Molecular beacons are FRET probes that can adopt one of two very different conformations depending on the presence of specific target DNA sequences in a sample (described in more detail elsewhere in this volume, see also Refs. [6] and [7]). The technique is so sensitive that it can resolve single-base pair mismatches. In the absence of a perfectly matching sequence, the molecular beacon adopts a hairpin-like structure (Fig. 3D) which brings the donor- and acceptor-labeled ends of the molecule into close proximity. The acceptor is a quencher (Q) in these probes, therefore very little fluorescence is emitted by the probes in this conformation. In the presence of the exact match, the stem structure opens up, allowing the loop to hybridize to the perfectly matched target and increasing the distance between D and Q.

These are just a few illustrations of diagnostic in vitro assays performed using FRET probes. They are typically easy to set up and can be automated; some are known as ''walkaway'' assays because no further processing of the sample is required following the initial incubation of reagents. The extent of the reaction (whether binding, cleavage, membrane fusion, or other) can be modulated by adding competitors, agonists, antagonists, or other test compounds, either in purified form or from crude extracts, and their effect on the assay can be measured. The kinetics of any assay can be monitored by collecting the emission from D and A continuously or at timed intervals, without interrupting the reaction. In addition, because D-A pairs can be spectrally quite different from one another, several probes can be monitored simultaneously in the same reaction (multiplexing; see Ref. [7]).

In homogeneous FRET, background noise derived from sample autofluorescence can limit the sensitivity of the technique. Two related techniques extend the sensitivity range of FRET measurements by radically reducing noise in the system. Time-resolved FRET (TR-FRET) uses fluorescence donors with unusually long fluorescence lifetimes (400 nsec to 2 msec for chelates of ruthenium and lanthanides compared to 10 nsec for typical fluorescent molecules).[8] Time-resolved FRET delays the collection of light by the detector, allowing any fluorescence that is not derived from the long lifetime donors in the sample—including noise—to decay to zero. The slower decaying donor-specific fluorescence (or FRET signal) can therefore be measured in the absence of background.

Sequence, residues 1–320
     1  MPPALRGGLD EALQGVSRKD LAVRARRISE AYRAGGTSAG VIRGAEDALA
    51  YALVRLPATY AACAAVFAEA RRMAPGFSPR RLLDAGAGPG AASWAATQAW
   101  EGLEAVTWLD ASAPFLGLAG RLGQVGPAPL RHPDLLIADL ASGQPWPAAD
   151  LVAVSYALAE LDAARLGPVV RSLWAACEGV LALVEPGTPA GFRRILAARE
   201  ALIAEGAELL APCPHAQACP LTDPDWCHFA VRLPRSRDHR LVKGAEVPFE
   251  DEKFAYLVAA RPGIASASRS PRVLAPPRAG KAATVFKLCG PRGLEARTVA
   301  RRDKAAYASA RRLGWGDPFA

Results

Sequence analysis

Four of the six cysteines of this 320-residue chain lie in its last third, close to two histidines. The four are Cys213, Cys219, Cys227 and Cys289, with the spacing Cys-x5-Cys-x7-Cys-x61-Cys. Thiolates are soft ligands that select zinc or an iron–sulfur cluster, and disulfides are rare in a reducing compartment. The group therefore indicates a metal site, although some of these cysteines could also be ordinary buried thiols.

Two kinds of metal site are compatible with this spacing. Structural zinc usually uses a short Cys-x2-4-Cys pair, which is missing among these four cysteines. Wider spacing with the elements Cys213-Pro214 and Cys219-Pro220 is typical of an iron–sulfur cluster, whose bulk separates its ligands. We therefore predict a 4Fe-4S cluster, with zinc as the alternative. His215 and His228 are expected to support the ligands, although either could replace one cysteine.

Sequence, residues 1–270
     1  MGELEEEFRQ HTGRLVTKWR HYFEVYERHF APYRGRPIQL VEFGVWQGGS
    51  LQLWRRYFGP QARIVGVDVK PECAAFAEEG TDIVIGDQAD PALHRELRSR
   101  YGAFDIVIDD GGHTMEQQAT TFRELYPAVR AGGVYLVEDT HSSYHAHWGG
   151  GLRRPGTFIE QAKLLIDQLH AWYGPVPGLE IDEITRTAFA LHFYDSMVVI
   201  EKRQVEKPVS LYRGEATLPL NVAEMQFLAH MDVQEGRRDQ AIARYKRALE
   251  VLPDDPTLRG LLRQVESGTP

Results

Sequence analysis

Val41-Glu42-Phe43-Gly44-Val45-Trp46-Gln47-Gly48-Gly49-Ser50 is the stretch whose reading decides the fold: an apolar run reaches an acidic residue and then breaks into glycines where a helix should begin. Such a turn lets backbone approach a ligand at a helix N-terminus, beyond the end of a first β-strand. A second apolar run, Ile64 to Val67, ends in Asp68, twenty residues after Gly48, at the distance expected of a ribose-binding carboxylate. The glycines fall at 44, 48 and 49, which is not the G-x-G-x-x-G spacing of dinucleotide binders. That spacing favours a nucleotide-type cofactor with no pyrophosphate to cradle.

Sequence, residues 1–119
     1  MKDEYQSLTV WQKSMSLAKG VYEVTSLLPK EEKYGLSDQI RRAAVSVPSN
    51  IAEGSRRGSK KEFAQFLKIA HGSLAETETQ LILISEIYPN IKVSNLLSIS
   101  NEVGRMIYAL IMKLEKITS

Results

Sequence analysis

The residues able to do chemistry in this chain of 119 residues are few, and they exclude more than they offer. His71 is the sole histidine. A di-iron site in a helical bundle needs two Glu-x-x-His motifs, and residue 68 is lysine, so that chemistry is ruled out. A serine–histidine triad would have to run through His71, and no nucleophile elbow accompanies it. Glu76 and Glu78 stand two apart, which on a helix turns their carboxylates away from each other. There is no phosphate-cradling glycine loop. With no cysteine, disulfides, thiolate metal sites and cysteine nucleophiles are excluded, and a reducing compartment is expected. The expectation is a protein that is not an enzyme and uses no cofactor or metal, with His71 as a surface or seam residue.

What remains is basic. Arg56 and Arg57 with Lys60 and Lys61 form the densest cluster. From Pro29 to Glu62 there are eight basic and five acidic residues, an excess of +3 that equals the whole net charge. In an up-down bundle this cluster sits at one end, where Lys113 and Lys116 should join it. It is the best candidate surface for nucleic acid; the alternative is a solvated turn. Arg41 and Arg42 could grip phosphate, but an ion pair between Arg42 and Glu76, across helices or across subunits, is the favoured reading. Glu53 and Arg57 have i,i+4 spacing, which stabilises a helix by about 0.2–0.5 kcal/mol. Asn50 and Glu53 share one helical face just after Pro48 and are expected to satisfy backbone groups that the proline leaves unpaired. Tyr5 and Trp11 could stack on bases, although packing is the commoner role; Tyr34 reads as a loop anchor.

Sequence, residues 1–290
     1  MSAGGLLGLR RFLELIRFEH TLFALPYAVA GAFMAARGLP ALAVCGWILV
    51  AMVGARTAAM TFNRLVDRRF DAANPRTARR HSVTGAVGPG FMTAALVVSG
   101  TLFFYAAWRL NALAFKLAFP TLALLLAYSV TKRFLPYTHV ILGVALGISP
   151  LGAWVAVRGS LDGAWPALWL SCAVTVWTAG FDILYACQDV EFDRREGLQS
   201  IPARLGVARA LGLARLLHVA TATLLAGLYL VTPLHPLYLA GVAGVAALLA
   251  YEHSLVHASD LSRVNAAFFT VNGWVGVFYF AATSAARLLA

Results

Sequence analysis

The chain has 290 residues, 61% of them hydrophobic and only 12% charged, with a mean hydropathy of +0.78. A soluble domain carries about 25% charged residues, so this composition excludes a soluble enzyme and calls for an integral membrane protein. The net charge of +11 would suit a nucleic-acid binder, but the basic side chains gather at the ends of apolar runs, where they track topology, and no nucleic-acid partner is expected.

Another way to reduce background fluorescence in FRET measurements is by omitting the light source altogether. Bioluminescence RET (BRET) uses a lucifer-ase as a donor which produces light only when the substrate (coelenterazine) is added to the reaction. When bioluminescence is produced in close proximity to the acceptor, energy (not photons) is transferred resulting in an increase in the acceptor fluorescence. As there is no extrinsic illumination to activate sample autofluorescence, BRET can increase the sensitivity of donor-acceptor interactions by an order of magnitude compared to FRET.[9]

IN VIVO: LIVE-CELL FRET IMAGING

Fluorescence resonance energy transfer measurements are not limited to in vitro assays. Cell-permeable FRET

Getting Started With Dumbbells

Getting Started With Dumbbells

The use of dumbbells gives you a much more comprehensive strengthening effect because the workout engages your stabilizer muscles, in addition to the muscle you may be pin-pointing. Without all of the belts and artificial stabilizers of a machine, you also engage your core muscles, which are your body's natural stabilizers.